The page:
One of my regular prayers is that I will be sensitive to the people that God places in my path each day. They might be students, seminary colleagues, church members, or people who stop by—sometimes announced and sometimes unannounced. One day I was walking from my house to the church office and I met a person taking pictures of the church and parsonage. I introduced myself and we ended talking for about 15-20 minutes. More precisely, the person talked and I listened.
The conversation finished with this person saying that we Baptists are among the most impoverished of the Protestants. The brother’s life was very interesting. He grew up as a Baptist, became a Lutheran minister, and then left the Lutheran Church and became a member of the Eastern Orthodox Church. In comparison with the beauty of the Orthodox icons, our Baptist church has empty walls. In comparison with the richness of the liturgy, we have simple gospel songs. In comparison with 2000 years of church history, we are Johnny-come-lately with 400 years as a denomination. This conversation really made me think. While I’m not depressed or ready to change denomination, it did make me think about the things that attract people to other sections of Christianity.
With these thoughts still on my mind, I traveled on the day after Thanksgiving. The classical station had a very creative program entitled Leftovers. It was a program about composers whose last pieces were not finished. The host talked about Borodin’s Igor and Mozart’s Requiem in B Minor. Mozart died without finishing this piece. Some of his friends completed the work because Mozart had already been paid for it. Mozart was so much in debt that his wife buried him in the pauper’s graveyard because she could not afford a cemetery lot.
Years later, Karl Barth, the greatest theologian of the 20th century, confessed that he never works without having Mozart’s music in the background. Mozart’s music proved to be the greatest inspiration for a gifted theologian. It connected him with the divine as no other composer’s music did.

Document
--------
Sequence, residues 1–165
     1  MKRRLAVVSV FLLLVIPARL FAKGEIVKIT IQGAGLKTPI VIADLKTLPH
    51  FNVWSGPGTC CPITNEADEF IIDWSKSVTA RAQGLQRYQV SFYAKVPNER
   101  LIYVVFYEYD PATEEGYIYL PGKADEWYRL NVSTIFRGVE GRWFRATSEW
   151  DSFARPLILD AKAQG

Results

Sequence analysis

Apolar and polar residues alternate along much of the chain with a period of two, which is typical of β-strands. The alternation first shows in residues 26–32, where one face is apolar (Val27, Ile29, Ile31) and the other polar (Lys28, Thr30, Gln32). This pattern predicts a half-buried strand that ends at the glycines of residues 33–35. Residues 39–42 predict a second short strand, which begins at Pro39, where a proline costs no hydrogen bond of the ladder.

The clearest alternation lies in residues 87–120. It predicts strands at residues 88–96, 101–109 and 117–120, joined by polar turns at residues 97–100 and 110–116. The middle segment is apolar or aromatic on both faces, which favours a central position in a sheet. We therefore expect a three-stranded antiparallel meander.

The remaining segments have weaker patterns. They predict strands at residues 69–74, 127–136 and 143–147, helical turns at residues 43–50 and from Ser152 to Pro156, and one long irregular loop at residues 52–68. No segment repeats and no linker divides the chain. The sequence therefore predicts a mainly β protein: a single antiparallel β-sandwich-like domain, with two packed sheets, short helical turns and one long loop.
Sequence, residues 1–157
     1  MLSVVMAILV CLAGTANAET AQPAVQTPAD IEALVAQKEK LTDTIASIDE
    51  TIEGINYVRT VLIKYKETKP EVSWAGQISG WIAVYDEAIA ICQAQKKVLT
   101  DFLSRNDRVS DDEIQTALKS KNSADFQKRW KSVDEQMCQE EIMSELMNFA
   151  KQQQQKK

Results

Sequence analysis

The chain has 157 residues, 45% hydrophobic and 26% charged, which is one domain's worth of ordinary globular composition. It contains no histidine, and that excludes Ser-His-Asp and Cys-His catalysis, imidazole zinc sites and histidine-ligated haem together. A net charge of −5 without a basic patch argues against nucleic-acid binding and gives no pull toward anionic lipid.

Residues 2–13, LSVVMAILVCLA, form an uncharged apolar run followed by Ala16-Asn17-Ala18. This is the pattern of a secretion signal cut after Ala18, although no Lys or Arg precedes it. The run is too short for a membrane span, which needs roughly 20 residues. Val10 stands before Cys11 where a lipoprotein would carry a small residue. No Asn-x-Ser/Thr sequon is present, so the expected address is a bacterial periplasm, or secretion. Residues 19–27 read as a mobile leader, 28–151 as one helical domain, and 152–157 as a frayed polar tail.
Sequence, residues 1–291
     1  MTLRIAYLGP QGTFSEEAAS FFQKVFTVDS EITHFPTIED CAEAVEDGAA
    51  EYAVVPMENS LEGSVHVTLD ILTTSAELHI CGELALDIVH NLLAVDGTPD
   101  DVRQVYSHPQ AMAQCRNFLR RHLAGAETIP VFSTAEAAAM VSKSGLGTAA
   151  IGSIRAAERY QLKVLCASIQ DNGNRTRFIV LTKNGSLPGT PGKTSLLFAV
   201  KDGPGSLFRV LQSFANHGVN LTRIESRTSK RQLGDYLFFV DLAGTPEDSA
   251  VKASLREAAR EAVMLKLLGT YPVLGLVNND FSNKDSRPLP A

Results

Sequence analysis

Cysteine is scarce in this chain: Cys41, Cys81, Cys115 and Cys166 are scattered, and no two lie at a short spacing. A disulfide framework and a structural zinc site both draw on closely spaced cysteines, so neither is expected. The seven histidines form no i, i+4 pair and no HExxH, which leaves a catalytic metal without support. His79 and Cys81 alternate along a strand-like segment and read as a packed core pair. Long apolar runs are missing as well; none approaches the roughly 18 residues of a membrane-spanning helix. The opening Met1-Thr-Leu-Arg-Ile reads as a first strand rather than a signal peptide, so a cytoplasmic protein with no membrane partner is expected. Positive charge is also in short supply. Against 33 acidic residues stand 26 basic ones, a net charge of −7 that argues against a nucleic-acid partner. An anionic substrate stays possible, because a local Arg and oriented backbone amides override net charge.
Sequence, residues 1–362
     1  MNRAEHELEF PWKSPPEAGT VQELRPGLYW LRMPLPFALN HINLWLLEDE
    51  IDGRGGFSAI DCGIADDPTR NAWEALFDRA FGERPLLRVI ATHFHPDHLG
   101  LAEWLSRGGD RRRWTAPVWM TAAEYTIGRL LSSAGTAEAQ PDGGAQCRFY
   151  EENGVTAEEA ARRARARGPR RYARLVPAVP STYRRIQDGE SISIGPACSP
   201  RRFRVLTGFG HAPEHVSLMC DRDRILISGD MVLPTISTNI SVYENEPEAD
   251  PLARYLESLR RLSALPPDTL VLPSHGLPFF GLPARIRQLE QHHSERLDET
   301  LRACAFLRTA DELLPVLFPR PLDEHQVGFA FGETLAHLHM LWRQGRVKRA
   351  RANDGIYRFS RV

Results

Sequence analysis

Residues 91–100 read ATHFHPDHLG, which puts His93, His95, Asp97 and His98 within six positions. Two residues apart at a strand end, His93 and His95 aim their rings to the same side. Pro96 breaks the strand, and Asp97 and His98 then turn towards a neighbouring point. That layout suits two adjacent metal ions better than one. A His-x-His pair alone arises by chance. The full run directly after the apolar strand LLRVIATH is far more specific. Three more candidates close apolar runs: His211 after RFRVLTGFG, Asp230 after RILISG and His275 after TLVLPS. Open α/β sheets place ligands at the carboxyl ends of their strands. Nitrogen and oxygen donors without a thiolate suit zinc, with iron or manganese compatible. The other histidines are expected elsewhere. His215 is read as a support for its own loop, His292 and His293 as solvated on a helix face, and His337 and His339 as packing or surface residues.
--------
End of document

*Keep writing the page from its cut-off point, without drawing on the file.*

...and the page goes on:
As I approached my driveway on my way home, I thought about who is rich and who is poor. There have been poor people who blessed thousands through their lives and their achievements. There have been rich people who were forgotten because they lived for themselves; while people in their lifetime knew that they were rich, their impact came to nothing once they were gone.
I was reminded of a group of people who were used to having the best. The Corinthian Church was used to good things, because of their auspicious geographical position in the Roman Empire. Their wealth led to immorality and this type of behavior transferred to the church, where they created parties pitying one preacher against the other. Some claimed a connection with Peter, considered one of the original Twelve, while some supported Paul, who God miraculously transformed from a persecutor into the apostle to the Gentiles, and some supported Apollos, the most powerful orator. Paul writes the Corinthian Church to implore them to change this type of thinking. “So then no more boasting about men. All things are yours, whether Paul or Apollos or Peter or the world or life or death or the present or the future—all are yours and you are of Christ and Christ is of God.” (1 Cor. 3:21-23)
To my friend who stopped by—I do not think that the Baptists are the most impoverished of the Protestants. I believe this because we are a part of Christendom, the universal body of Christ and we belong to Christ and Christ belongs to us. This reciprocal belonging means that we are always rich in Christ.